"I WAS THE END of a long chain of biological possibilities," Alethea Hunt claims, near the beginning of this futuristic novel. At the end of the novel, Alethea is transformed into a leopard. A Woman of the Future is Alethea's story, told in the form of her notes, diaries and papers, from the time of her conception to her ultimate transformation at the age of 18.
Many of the characters who appear along the way have the beginnings of animal features. Many others have even more bizarre, nonhuman qualities. Mr. Cowan's coffin grows out of his side. At first he saws the protrusion off; then he lets it grow, until it emerges, complete. The faces of old Australian coins appear on Drago Bulatovic's skin. The Vaux children, Everett and Arabella, have to keep moving or else their toes grow into the ground. Audrey Major cannot be touched by anyone for very long or else she becomes attached and grows into them. Mr. Small has a cannon growing out of his lower chest. Moses Betts can inflict wounds with his voice. There are many more such characters, and there is also the wandering crowd, a group of some 10,000, tramping around Australia, making a lot of noise and apparently never stopping.
The context for all of this is an Australia of the future; the exact time and place remain unspecified. Society is split into two groups, The Frees and The Serving Class, more commonly known as the pros and the proles. There are very few details given concerning the structure of this society, and David Ireland obviously does not intend a direct critique of social and political structures in the manner of George Orwell or Aldous Huxley. The concern here is more with creating a nightmarish landscape against which Alethea's story unfolds. Apart from the presence of human and animal mutations, there is one oblique suggestion, about one third of the way into the novel, that what is being described is a post-nuclear-war society (this is given resonance by one's memories of Nevil Shute's novel, On the Beach ).There is not much made of this, however, in any direct sense. The story's momentum depends solely on the progress of Alethea Hunt, from birth through infancy, childhood and puberty, to young womanhood. It is Alethea's world, described in Alethea's terms, and those terms are by no means certain. That is, one is not always sure of the extent to which events described are the result of Alethea's observations or of her imagination or of both. The early sections of the novel (there are some 365 sections) contain many childish rhymes, non sequiturs and silly statements, all well suited to Alethea's retrospective portrait of herself as an infant. But there are problems here.
"I know lust means never having to say I love you," Alethea says, on the first page of the novel, no less. It is not the truism of the statement here that interferes, so much as the connotations. Likewise, there is in Alethea's world, so full of the aggression and cruelty typical of childhood and adolescence, a character named Judge Lorenz. The playfulness in these oblique references to Love Story and to Konrad Lorenz, author of On Agression, ends up being weak, just as the images created by Ireland's mutants end up being banal. A man with his own coffin growing out of his flesh is an image to be expected from imitation surrealist poetry, not from a serious novelist.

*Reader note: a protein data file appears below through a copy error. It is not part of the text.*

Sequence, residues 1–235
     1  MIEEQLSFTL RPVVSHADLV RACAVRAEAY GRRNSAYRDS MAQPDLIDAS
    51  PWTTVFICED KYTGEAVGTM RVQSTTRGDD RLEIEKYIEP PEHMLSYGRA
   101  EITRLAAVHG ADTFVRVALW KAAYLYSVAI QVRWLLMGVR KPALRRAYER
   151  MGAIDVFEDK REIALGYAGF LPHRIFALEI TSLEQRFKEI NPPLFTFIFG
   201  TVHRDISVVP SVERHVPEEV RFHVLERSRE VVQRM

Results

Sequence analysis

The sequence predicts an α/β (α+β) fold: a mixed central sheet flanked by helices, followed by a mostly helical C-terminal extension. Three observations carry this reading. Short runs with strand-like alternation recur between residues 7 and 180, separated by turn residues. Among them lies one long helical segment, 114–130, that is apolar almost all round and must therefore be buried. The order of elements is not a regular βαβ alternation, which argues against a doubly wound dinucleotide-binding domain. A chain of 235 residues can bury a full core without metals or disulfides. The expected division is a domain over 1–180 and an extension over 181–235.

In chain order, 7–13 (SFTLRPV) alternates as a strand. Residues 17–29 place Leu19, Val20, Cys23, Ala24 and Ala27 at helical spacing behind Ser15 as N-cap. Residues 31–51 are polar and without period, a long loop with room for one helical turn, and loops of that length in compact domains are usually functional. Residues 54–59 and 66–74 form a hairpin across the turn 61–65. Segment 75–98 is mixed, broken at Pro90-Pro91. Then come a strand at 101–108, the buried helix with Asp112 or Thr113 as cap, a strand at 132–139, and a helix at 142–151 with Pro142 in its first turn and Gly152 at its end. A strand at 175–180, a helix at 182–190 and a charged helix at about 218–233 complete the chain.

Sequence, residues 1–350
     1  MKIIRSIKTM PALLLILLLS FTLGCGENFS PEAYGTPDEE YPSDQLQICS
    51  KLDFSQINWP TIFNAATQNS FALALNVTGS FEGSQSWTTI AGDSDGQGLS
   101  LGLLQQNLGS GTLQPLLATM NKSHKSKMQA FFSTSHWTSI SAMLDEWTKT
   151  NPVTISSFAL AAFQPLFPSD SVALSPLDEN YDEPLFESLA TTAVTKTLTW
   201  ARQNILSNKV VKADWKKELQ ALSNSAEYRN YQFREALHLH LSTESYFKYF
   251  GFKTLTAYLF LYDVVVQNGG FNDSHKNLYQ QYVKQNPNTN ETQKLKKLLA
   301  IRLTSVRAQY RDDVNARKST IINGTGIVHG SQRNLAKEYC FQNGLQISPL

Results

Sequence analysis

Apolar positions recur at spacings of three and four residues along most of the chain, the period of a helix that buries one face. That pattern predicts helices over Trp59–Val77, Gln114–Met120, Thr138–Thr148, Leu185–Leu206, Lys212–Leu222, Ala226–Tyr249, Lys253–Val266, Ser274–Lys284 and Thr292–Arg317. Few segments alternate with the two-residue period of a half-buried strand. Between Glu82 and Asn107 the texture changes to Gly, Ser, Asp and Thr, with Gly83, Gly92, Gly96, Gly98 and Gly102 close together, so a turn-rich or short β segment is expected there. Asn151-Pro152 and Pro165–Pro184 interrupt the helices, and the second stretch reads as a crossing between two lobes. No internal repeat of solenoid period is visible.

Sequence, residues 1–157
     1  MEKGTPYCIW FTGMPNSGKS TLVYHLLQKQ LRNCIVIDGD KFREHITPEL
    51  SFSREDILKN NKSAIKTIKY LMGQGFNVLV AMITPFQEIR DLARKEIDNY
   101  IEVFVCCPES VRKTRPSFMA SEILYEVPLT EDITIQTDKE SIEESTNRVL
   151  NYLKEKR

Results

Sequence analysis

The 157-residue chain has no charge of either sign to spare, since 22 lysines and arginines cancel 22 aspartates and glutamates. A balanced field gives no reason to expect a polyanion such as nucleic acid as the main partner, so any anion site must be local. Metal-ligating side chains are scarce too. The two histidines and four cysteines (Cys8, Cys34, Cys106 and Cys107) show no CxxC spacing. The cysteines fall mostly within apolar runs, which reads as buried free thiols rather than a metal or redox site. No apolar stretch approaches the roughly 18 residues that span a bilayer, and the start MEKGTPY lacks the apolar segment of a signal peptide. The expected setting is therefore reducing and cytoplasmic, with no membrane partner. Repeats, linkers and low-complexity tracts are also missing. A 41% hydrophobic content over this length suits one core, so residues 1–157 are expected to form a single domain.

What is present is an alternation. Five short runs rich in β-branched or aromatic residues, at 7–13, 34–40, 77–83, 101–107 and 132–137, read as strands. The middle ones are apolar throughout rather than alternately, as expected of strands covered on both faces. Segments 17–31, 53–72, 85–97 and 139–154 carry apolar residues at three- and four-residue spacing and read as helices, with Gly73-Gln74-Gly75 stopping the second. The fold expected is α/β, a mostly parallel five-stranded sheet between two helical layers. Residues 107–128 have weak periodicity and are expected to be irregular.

The true power of A Woman of the Future is in the more naturalistic elements of David Ireland's portrayal of Alethea Hunt, from her encounters with toilet-training and her very amusing confrontation with the concept of penis-envy (a quality she singularly lacks), through her discovery and exploration of her own sexuality, her competitive and successful school career, to her final evaluation of the world she has inherited and her abandonment of both that world and of her human form. It is here, with the impact of an intelligent young woman's recognition of the disturbing and distressing nature of life on this planet, that the novel is most convincing.
David Ireland refers during the course of A Woman of the Future to many writers, and it is perhaps significant that none of them is Australian. Only the poet, Judith Wright, and the novelist, Patrick White, have made literary reputations in Australia strong enough to have had lasting impact elsewhere. Living outside of Australia, one has no sense of any continuing literary mood or movement there. The rough and romantic naturalism of D'Arcy Niland's writing is perhaps most typical of what one expects of literature from that continent, but whatever tendency that author might have represented seems to have ended with his death in 1967. There does seem to be some kind of renaissance going on, especially in the film world, with such successes as Fred Schepsi's The Chant of Jamie Blacksmith, Peter Weir's Picnic At Hanging Rock and The Last Wave, and Phillip Noyce's Newsfront; and also in literature, with David Malouf's novel, An Imaginary Life, achieving considerable acclaim in this country, and now this, David Ireland's sixth novel, being published here.
Ireland's literary inspiration, however, seems rooted somewhere other than his native land. The play between dream and reality, between perception and imagination, which informs the tone of this novel so strongly, has its closest affinities with the writers of Latin America, and most particularly with the so-called magic realism of Gabriel Garcia Marquez, author of One Hundred Years of Solitude. It is an idiom that perhaps works best for writers of that culture.